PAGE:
Debit Dilemma: Sign or Not to Sign?
By: Brian O'Connell

Debit card holders may not realize it, but there is some dough on the line every time you swipe your card. And a lot of it depends on whether or not you “sign” after you swipe. What’s the better deal for consumers?

First, you can’t blame consumers for being in the dark on this issue. Signing or not signing a debit card receipt, to most people, seems like a random event. But there are some decent studies on customer preference when it comes to debit card usage.

According to Hitachi Consulting, signature and PIN debit payments account for 37% of all U.S. store transactions. The Hitachi study estimates that PIN debit payments are preferred by 45% of customers surveyed, while 35% prefer signing off on their card purchases, The study points out that PIN debit fans view the procedure consider as more secure, faster and easier to use than signing off on a debit card payment. Debit card holders who favor signatures see it their own way — they say they like the security, lack of fees, not having to remember a PIN and the rewards benefits of signature transactions.

Card carriers have their own preferences, too. To sign or not to sign is certainly a big issue to the banks and credit card companies behind your debit card. For example, most big chain stores pay banks and card carriers 75 cents for every $100 spent by consumers on debit card purchases that require a signature. That’s about twice the amount charged to retailers if you simply tap in your four-digit card code at the register.

So it’s clearly in the interest of a Visa (Stock Quote: V) or Mastercard (Stock Quote: MA) to have you sign off on your card purchase.

Conversely, retailers don’t want you to sign the cards (to avoid the extra fees) — that’s why big chain stores like Costco (Stock Quote: COST) and Wal-Mart (Stock Quote: WMT) insist that you use your PIN to check out your store purchases.

It seems like card carriers and banks have retailers over a barrel. By flooding the market with debit cards, financial institutions are giving the Great American Consumer what he or she wants — the convenience of paying a purchase with plastic instead of having to dig into a wallet or pocketbook for cash and correct change.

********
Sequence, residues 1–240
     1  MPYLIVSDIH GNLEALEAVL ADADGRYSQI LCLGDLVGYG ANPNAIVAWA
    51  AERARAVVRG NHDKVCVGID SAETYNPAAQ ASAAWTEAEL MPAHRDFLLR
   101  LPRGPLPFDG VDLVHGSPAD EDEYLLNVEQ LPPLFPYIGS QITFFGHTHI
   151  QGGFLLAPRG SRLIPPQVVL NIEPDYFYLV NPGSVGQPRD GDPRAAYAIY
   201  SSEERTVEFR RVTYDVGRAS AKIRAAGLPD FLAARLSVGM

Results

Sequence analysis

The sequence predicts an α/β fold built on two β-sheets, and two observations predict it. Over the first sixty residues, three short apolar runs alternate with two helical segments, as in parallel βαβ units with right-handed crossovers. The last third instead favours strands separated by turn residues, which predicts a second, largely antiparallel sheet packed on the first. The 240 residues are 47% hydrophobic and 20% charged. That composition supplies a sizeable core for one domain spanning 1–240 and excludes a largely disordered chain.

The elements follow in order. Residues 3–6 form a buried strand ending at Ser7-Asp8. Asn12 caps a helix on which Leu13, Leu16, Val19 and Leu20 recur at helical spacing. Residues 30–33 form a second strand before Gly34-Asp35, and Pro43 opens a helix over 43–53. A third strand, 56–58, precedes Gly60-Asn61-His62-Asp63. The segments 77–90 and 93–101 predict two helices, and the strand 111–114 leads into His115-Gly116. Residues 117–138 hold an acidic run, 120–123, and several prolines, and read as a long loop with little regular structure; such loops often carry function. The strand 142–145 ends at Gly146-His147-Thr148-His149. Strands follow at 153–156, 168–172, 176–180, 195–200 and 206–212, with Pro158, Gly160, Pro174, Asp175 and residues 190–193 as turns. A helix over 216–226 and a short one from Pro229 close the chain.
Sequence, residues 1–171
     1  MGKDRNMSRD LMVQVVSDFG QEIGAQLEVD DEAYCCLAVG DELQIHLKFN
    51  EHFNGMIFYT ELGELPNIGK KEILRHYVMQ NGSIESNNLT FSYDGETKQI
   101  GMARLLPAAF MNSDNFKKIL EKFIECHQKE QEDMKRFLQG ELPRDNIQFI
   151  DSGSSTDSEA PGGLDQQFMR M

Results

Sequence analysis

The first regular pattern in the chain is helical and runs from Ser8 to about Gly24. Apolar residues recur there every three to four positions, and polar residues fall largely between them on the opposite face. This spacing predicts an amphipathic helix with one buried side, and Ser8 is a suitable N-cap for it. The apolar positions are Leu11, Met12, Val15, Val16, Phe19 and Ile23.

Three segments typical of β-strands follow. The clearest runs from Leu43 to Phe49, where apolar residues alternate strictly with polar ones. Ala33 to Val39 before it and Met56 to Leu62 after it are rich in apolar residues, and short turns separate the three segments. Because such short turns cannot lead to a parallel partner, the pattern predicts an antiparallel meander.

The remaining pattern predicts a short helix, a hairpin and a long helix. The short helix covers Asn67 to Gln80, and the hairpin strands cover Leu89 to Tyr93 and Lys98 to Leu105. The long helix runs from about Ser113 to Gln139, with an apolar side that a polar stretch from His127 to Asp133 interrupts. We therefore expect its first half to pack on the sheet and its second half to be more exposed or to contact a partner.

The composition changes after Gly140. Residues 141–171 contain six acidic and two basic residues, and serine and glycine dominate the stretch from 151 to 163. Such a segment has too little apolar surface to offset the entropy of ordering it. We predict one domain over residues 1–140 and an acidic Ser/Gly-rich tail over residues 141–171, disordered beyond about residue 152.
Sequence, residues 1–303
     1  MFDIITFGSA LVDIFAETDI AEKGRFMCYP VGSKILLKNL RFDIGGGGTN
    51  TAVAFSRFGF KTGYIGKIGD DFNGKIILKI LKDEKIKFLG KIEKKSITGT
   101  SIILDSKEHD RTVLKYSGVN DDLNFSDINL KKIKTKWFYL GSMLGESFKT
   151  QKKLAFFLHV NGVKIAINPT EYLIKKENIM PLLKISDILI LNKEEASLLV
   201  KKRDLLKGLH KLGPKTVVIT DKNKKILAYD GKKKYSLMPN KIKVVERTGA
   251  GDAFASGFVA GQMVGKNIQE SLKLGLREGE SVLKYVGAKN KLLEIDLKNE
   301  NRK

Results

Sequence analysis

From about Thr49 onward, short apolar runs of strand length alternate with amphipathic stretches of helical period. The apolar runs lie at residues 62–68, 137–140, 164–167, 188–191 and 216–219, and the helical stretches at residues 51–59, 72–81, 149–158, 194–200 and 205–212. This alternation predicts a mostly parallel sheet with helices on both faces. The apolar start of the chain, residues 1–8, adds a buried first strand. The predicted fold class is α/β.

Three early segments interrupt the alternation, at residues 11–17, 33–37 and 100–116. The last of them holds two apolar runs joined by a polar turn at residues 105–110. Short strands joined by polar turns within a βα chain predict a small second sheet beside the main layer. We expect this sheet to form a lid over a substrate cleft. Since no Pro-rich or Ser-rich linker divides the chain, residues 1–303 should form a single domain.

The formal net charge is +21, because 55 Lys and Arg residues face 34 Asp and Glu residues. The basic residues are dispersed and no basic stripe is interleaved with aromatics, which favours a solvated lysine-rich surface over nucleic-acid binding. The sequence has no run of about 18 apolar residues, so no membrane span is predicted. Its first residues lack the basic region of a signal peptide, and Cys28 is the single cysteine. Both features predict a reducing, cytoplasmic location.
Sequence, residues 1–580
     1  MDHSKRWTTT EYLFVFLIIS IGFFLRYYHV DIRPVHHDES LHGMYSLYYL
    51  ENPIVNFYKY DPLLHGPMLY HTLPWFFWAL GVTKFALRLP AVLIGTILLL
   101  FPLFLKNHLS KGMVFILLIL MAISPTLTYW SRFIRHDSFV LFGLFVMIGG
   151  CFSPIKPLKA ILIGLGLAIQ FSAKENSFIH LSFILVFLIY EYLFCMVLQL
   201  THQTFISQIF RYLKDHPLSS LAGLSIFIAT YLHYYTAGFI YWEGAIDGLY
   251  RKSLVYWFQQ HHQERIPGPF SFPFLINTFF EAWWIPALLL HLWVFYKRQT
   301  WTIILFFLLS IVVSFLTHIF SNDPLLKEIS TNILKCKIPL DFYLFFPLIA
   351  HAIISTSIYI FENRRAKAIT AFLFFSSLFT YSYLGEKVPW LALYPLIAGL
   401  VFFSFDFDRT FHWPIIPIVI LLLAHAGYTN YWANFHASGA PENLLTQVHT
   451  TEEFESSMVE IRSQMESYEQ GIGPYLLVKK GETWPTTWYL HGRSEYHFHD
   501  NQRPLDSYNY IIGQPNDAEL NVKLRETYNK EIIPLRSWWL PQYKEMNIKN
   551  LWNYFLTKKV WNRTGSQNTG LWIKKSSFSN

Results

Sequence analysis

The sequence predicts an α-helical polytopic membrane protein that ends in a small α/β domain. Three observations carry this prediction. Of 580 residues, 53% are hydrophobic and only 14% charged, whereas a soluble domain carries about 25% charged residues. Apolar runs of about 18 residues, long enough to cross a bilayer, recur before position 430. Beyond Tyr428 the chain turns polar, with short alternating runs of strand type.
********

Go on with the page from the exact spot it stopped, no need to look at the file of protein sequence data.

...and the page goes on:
That’s why signed credit cards account for 61% of all debit card transactions, according to the National Retail Federation.

So, you need to know going in that you’re probably paying more when you sign off on your debit card purchase. That’s because retailers turn around and raise their prices to offset the financial damage inflicted by "interchange fees" charged by debit card carriers. Banks pocket more than $5 billion annually in such fees (up from $20 billion in 2002) — and that’s on debit cards alone. The National Retail Federation says such fees lead to an extra $427 in extra money paid out by American households, as retailers pass along the interchange fees to consumers.

The banks have used interchange fees as a growing profit center and to pay for cardholder perks like rewards programs. Interchange revenue has increased to $45 billion today, from $20 billion in 2002, driven in part by the surge in debit card use.

What can consumers do? For starters, take advantage of those card rewards programs because you’re certainly paying for them when you sign off on a purchase. Also, keep an eye on retailers who insist you sign off on your card — it’s probably a bit more expensive to shop there.

No doubt about it, debit cards are popular and pervasive these days, primarily because of their convenience. But know that whether you sign off on a card purchase or not is more than a random event— it does have a price tag attached, albeit indirectly.

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